1. Daniel Hewson
        January 17, 2013

        I know, shocking.

  8. lifelogic
    January 15, 2013

    Clearly we need to get out of the EU in order to control who can live and work in the UK or we need to get rid of non contributory benefits and tax credits. Doubtless Cameron will do neither, so wages will be further depresses, pressure on services will increase, the government will run out of money and there will be a shortage of houses.

    I would let people come and work where they were net contributors to the system, so they would need to earn over about £50,000 min.

    1. A different Simon
      January 15, 2013

      Lifelogic ,

      Is someone looking to move to the UK earning £50,000 a net contributor to the tax system though ?

      In the unlikely event that they are 35 years of age or less then they probably will be a net contributor because they will pay into the system for a long time before it has to really pay out to them .

      If they are 55 years of age with few assets and plan on retiring here then they will be a big drain on the country . They won’t have enough NI contributions to claim a pension but that won’t matter because they will be topped up far beyond the full state pension by means tested benefits .

      1. lifelogic
        January 15, 2013

        Indeed or if they have a lot of children or a medical condition and no pension savings they will not be a net contributor.

        Any less the £50K clearly are likely to be net a liability. And most coming in seems to be earning less than about £25K.

      2. JimF
        January 15, 2013

        Go for a points system then like Canada
        It won’t happen anyway because according to El Cleggo holding a referendum soon gives more uncertainty than waiting until a treaty change to hold it. Never heard such illogical bilge.

        1. A different Simon
          January 16, 2013

          People say Cameron is the heir to Blair but Nick Clegg’s naked ambition makes me wonder .

          Clegg is just a salesman , what he is selling on a particular day is immaterial , only the commission counts .

    2. Bazman
      January 15, 2013

      The problem is that for the average person. Leaving the EU w9ill lead to a total loss of workers rights. Paid holidays, health & safety, employment rights and minimum wage to name but a few. They would be in a worse position than they are now in the EU. At least it offers some employment protection. Your free market jobs fantasy relies on their being more low paid jobs than workers within a commutable distance and if there is not they should just move to the often expensive area or pay the travel costs without adding this onto the wages. Not real and when and if it comes to a referendum to leave the EU you will see them voting for their wallets and rights and not your political fantasies. Then what will you say?
      Don’t laughably tell me they will have more rights and higher wages as this is why many want to leave the EU. They will still want the cheap labour that it brings though and who will provide it then?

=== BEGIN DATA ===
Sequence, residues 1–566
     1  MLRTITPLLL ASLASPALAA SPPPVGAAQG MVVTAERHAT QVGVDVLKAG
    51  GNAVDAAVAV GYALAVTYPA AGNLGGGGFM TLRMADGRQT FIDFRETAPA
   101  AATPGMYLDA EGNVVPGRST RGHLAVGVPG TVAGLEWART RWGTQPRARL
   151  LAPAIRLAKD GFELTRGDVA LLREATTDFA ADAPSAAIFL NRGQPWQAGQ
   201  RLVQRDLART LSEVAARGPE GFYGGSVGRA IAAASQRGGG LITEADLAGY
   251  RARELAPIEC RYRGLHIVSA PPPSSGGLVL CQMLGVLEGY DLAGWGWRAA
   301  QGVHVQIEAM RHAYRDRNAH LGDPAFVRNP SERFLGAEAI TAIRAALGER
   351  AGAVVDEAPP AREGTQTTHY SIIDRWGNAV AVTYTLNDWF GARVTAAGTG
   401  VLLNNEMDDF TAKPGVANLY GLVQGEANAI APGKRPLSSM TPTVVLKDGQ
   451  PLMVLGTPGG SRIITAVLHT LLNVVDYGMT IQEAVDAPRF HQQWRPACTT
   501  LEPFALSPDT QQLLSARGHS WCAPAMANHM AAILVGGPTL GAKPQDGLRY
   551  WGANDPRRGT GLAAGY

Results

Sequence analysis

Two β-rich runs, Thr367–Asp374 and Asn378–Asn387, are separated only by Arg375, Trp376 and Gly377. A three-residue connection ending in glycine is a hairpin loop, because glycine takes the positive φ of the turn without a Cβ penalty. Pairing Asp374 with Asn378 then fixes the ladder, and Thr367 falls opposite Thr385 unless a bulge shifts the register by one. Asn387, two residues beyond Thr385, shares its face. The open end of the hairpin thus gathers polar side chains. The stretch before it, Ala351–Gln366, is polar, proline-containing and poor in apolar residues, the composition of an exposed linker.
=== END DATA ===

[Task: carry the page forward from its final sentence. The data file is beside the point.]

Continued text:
9. Old Albion
    January 15, 2013

    Let the Bulgarians and Romanians come. Let (many of themcome) Let them take any jobs they can. Let them fill any housing available. Let them use the NHS) Let them claim every benefit available. Let them send their child benefit back home to build their new houses.
    It’s what the other waves of EU migrants have done, so let them.
    Maybe, just maybe this time the people of the (dis)United Kingdom will wake up and see what the EU is doing to this country and will demand an In/Out referendum. Though i doubt it !!!!!!

    1. Old Albion
      January 15, 2013

      John has chosen to edit what i have written. I do not use the term ‘the NHS’ because it no longer exists. There are four NHS in the (dis)United Kingdom. Only one of which is under the control of Westminster.

    2. paul
      January 15, 2013

      Old Albion: “Let the Bulgarians and Romanians come. Let (many of them come) Let them take any jobs they can…..”

      I’ve come to the conclusion this is the only way forward for us to get out of this mess.

      Only when this second wave of immigration hits the high street (etc) will the public finally get off their sofas watching reality TV and start taking an interest in what a mess our politicans got us into.

  10. Alan Wheatley
    January 15, 2013

    Option 1 seems to offer a stop-gap solution. Option 2 seems to be begging for a legal challenge, and any plan based on negotiation will not be ready in time to do any good.

    1. Alan Wheatley
      January 15, 2013

      But the more interesting point to arise from this issue concerns governance and the nation state.

      The governed expect the government to look after their interests. An important part of government is to look to the future; what is done now should be giving the governed the realistic prospect of life getting better. For a government to find itself in a position of its own making and unable to control the future with respect to things where it should have total control is a failure of governance.